As his health continues to be problematic, he’s also unlikely to get any better as he ages. Meanwhile, a path will need to be carved for fellow right-siders, Adam Fox and Tony DeAngelo, should the latter remain a Ranger for the long-term.
Shattenkirk is a player who needs quality power play time to make right by his cost, but so too will DeAngelo in this scenario, while Adam Fox — who’s game has been compared to Shattenkirk’s — will no doubt be knocking on the same door. Too many power play quarter backs, right-handed quarterbacks to be specific, not enough power play time.
Something’s gotta give.
Speaking of, has DeAngelo finally put in enough of a sample size to build a future in blue? He’s due a new deal, but always feels like he’s one incident away from burning another NHL bridge.
EvolvingWild projects a six-year extension worth north of $4.5 million per season for DeAngelo — a quality offensive player who appeared to turn a corner last season — with a roughly equal probability of either a two- or five-year alternative.
But if his future isn’t in blue, then whatever it is, with whomever it’s with, should be determined quickly as there’s never a shortage of teams looking for puck-moving defenders.
Moving on, as younger and more promising reinforcements begin to assemble on the horizon, how off base would it be envision the Rangers simply not qualifying 26-year-old Fredrik Claesson? If they can’t trade him first, of course.
Claesson is a competent defender with respectable underlying numbers, but with just six points through 37 games, he’s hardly the type of player worth tripping over to keep. If someone comes knocking, it’s hard to imagine Gorton would balk. Not with the quality of youngsters he’s got also knocking on the proverbial door.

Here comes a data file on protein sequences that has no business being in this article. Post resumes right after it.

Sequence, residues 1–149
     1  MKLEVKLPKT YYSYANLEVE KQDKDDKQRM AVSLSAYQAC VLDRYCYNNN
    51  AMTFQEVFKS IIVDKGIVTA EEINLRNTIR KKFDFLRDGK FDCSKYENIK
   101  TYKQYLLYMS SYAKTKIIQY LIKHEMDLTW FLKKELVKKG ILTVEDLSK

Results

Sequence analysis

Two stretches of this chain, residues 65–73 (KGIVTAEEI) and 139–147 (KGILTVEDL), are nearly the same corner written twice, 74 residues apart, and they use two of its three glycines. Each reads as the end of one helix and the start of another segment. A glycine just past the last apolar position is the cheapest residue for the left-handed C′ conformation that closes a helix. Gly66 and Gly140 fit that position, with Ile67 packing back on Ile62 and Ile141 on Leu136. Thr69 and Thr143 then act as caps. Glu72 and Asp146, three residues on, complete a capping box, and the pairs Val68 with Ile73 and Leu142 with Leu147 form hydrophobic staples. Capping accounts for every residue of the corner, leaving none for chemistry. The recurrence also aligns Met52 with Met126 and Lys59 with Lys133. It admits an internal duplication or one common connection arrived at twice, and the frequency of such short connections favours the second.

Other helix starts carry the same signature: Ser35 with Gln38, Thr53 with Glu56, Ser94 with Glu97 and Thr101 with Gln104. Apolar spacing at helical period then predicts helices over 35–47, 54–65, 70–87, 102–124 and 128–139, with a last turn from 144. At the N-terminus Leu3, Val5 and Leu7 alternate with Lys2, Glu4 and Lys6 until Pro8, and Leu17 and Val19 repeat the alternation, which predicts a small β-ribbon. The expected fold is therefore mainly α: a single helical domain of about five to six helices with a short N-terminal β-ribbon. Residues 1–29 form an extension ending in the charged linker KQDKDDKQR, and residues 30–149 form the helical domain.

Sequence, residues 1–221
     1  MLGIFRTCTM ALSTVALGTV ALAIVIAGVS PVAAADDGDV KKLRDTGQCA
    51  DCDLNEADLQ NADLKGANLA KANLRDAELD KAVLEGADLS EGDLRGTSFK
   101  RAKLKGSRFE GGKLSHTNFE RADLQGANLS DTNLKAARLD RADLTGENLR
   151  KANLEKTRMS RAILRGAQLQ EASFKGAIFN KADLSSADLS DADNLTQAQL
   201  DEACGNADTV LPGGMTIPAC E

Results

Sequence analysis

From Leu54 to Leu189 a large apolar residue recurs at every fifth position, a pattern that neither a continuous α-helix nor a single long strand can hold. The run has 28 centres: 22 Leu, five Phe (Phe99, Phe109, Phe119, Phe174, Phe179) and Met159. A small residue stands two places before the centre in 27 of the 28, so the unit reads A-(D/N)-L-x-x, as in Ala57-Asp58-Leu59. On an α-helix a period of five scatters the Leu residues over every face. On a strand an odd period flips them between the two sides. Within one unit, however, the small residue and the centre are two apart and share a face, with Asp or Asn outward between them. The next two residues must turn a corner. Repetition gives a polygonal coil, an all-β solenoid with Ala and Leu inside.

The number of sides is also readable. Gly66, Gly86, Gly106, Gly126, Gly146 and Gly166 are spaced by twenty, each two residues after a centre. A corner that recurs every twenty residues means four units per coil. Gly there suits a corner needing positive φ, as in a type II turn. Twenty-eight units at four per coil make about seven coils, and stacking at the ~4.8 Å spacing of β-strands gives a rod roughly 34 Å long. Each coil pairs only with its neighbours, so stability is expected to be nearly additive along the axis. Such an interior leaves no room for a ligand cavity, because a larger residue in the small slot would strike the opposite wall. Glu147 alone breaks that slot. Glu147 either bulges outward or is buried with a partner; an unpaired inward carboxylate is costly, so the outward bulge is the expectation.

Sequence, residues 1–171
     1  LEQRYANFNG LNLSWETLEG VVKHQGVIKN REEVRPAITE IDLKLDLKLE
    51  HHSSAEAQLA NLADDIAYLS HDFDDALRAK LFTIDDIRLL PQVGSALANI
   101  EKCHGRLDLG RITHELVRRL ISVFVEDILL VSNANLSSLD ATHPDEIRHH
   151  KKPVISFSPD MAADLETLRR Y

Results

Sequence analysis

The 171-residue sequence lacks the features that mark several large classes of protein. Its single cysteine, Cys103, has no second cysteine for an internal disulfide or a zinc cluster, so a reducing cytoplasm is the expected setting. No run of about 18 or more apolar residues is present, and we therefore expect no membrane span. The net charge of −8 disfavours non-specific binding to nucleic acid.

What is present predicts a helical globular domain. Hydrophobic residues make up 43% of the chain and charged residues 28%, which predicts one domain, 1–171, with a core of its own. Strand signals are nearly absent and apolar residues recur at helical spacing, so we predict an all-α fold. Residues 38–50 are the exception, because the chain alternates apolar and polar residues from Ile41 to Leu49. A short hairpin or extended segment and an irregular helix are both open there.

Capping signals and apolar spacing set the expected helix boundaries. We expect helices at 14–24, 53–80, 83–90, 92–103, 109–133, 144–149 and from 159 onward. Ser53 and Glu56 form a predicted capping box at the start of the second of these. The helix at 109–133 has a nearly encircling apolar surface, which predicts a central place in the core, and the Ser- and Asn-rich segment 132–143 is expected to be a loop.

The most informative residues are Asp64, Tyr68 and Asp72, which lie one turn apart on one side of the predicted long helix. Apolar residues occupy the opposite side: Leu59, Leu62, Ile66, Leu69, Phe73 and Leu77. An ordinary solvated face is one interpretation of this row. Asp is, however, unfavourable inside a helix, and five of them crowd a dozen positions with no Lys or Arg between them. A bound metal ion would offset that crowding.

Counter to DeAngelo is Neal Pionk, who EvolvingWild project a two-year bridge deal for worth just south of $3 million annually. Everything DeAngelo is (at least offensively), Pionk isn’t, so while most of the conversation regarding moving on from him is fan-driven, it’s not without warrant.
According to Corsica, over the last two seasons, among defenders who’ve played in at least 100 games over that span, just nine skaters have a worse Corsi than Pionk (44.32 percent). Moreover, over that same span, among active Rangers defenders, he ranks dead last in relative CF% (-3.06).
What kind of trade market Gorton can build for a player with as many visible warts as Pionk remains to be seen, but stranger things have happened.
While much of the work Gorton has put in to this point of the Rangers’ rebuild is worthy of praise, a significant transitionary period awaits. That period can probably be alleviated some by signing a pending free agent like Panarin but will still be largely determined by the roster shuffling Gorton will direct beginning in just a few weeks.
It’s unlikely the Blueshirts will go from basement to contention in a single offseason, but that’s not to suggest they can’t take a major step (or two) forward this summer.
Second overall is easy. Architecting the right trades, less so. But a couple of big wins on that front can have a dramatic effect on just how long Gorton’s team remains on the outside of the playoffs looking in.
Get ready, Rangers. You’re about to be on the clock.